Is Input Sparsity Time Possible for Kernel Low-Rank Approximation?

Part of Advances in Neural Information Processing Systems 30 (NIPS 2017)

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Cameron Musco, David Woodruff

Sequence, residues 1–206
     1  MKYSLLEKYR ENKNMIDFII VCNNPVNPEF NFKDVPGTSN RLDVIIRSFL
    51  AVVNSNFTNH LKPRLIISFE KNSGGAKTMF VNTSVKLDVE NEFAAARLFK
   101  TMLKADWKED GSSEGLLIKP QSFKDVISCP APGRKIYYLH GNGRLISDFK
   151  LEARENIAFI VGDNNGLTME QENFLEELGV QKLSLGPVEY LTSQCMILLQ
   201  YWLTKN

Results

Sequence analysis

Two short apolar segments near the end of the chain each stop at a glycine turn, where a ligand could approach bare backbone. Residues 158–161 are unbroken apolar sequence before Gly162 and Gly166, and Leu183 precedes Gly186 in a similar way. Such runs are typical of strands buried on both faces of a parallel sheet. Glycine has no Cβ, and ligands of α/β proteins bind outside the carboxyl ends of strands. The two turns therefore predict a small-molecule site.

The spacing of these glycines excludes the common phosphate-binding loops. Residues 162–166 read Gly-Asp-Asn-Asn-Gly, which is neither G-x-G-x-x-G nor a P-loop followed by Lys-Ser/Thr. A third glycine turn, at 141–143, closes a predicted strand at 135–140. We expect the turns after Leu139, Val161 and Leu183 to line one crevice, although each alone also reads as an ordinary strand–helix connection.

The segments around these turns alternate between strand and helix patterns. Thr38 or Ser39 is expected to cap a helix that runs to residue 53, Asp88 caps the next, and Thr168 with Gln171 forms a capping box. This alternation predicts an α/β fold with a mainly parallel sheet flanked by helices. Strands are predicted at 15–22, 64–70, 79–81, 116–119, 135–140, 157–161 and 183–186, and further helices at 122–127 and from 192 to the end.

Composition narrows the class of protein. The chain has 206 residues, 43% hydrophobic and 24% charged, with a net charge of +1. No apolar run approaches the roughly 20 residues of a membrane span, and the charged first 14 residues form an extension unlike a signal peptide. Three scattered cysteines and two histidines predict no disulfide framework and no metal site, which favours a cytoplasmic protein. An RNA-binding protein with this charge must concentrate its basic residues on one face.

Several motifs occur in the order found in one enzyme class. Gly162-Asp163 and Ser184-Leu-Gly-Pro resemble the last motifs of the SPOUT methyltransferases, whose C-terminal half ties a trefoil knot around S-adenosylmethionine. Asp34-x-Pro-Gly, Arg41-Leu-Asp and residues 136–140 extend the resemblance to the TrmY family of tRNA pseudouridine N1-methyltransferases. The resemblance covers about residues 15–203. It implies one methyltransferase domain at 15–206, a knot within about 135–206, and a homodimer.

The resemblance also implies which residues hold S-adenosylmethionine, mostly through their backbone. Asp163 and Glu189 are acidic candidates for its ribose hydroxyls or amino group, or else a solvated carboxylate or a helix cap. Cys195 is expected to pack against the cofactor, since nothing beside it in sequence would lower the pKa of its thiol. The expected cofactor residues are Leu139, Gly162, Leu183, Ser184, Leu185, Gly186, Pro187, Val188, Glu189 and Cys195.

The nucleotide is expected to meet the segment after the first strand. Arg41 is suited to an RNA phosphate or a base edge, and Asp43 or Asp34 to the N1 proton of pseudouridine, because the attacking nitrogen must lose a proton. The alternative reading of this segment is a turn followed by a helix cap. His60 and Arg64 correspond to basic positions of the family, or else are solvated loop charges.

Low-rank approximation is a common tool used to accelerate kernel methods: the $n \times n$ kernel matrix $K$ is approximated via a rank-$k$ matrix $\tilde K$ which can be stored in much less space and processed more quickly. In this work we study the limits of computationally efficient low-rank kernel approximation. We show that for a broad class of kernels, including the popular Gaussian and polynomial kernels, computing a relative error $k$-rank approximation to $K$ is at least as difficult as multiplying the input data matrix $A \in R^{n \times d}$ by an arbitrary matrix $C \in R^{d \times k}$. Barring a breakthrough in fast matrix multiplication, when $k$ is not too large, this requires $\Omega(nnz(A)k)$ time where $nnz(A)$ is the number of non-zeros in $A$. This lower bound matches, in many parameter regimes, recent work on subquadratic time algorithms for low-rank approximation of general kernels [MM16,MW17], demonstrating that these algorithms are unlikely to be significantly improved, in particular to $O(nnz(A))$ input sparsity runtimes. At the same time there is hope: we show for the first time that $O(nnz(A))$ time approximation is possible for general radial basis function kernels (e.g., the Gaussian kernel) for the closely related problem of low-rank approximation of the kernelized dataset.